It seems changes to stamp duty have not eased the property drought for first-time buyers in Britain.
Higher taxes for buy-to-let property investors and second-time landlords has slowed the increase in property prices overall – but contributed to a surge at the lower-end of the market, according to Rightmove.
The average asking price for first-time buyers recorded its highest monthly jump since February 2012, according to the property website’s monthly price index. Prices for this market increased by 6.2 per cent in the month to May 7 making the average cost of a first house £194,224 compared with £182,926 the month before.
Rightmove said that a rush to complete transactions before the new stamp duty rules came into effect on April 1 had leeched the market of lower-end stock.
Said director Miles Shipside:
If you were expecting a long period of price doldrums at the lower end of the market following the mass exit of the buy-to-let brigade, this month’s 6.2% price rise will come as a big surprise.
Properties at the lower end of the market were the most common target for the investor community, and the immediate aftermath of the tax deadline saw new seller asking prices drop in this sector for just one month.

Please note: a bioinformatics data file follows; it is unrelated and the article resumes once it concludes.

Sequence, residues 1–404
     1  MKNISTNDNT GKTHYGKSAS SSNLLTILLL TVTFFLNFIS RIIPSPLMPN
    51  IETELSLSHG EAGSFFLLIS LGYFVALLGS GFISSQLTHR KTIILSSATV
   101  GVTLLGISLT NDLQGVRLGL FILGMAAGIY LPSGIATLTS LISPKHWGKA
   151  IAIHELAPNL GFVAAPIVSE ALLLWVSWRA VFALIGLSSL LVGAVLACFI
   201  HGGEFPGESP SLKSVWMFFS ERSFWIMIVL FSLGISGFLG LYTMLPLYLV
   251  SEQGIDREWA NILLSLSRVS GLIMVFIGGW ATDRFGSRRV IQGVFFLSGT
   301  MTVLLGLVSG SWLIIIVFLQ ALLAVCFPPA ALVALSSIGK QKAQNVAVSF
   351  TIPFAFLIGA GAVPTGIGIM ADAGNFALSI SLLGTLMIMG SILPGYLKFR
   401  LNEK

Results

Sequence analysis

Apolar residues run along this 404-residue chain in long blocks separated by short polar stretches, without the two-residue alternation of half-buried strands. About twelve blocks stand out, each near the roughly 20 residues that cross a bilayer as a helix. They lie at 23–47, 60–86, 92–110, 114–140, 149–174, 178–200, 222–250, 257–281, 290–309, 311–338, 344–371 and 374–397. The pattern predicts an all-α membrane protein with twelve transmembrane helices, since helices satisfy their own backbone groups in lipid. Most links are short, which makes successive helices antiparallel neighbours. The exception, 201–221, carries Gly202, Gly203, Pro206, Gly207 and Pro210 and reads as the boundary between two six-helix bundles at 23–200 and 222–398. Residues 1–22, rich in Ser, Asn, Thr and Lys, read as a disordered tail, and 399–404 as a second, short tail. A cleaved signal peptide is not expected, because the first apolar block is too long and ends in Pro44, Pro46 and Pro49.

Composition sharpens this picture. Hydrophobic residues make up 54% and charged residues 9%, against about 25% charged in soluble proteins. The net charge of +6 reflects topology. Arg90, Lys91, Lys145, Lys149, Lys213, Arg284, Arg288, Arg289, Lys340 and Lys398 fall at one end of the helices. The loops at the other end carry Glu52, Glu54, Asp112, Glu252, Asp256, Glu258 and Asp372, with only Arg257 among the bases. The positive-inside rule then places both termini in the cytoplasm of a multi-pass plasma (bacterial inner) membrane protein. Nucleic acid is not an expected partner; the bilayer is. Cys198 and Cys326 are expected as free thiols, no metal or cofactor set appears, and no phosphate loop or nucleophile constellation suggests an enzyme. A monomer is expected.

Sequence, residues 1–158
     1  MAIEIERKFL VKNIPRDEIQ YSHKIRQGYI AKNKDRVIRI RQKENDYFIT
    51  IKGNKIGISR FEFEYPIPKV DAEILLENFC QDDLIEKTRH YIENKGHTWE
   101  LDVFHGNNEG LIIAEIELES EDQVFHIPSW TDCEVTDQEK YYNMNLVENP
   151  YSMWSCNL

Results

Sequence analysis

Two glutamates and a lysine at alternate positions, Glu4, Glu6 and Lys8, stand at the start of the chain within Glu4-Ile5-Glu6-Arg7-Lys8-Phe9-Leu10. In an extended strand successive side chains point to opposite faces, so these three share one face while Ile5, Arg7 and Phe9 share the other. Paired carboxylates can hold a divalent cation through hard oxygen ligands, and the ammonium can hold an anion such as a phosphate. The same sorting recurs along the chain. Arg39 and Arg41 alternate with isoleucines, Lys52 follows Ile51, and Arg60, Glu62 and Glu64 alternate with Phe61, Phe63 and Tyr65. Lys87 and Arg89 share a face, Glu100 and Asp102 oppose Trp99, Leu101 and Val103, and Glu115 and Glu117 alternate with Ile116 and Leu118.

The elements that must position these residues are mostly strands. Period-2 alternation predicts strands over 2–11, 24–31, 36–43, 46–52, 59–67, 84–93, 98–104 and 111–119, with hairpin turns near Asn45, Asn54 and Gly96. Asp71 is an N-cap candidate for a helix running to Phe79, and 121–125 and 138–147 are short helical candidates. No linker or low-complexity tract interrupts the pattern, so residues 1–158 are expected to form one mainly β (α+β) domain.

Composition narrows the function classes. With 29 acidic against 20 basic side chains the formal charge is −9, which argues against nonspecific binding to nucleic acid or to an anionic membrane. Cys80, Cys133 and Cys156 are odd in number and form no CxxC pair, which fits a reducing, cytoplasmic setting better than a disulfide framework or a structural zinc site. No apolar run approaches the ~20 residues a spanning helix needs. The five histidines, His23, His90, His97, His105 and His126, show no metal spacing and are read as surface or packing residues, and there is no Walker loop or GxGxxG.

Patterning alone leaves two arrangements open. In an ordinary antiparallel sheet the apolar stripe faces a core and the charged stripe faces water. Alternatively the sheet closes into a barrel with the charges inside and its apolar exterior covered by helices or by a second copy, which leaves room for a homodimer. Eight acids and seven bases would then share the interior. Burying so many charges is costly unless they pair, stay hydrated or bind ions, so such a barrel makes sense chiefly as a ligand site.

Regional hotspots for first-time buyers include Croydon, Dartford and Luton, which all reported price increases of over 18 per cent year-on-year.
Overall average asking prices of new property coming to market in Britain have increased only modestly – by 0.4 per cent, compared with 1.3 per cent in March. A separate survey by Halifax showed that prices fell by 0.8 per cent in April, compared with a 2.2 per cent increase in March.
Market experts have attributed the slowdown to the new stamp duty rules, cooling economic growth and the upcoming referendum on European Union membership. The chancellor too has weighed in, arguing that house prices will take a “significant hit” if Britain votes to leave the EU.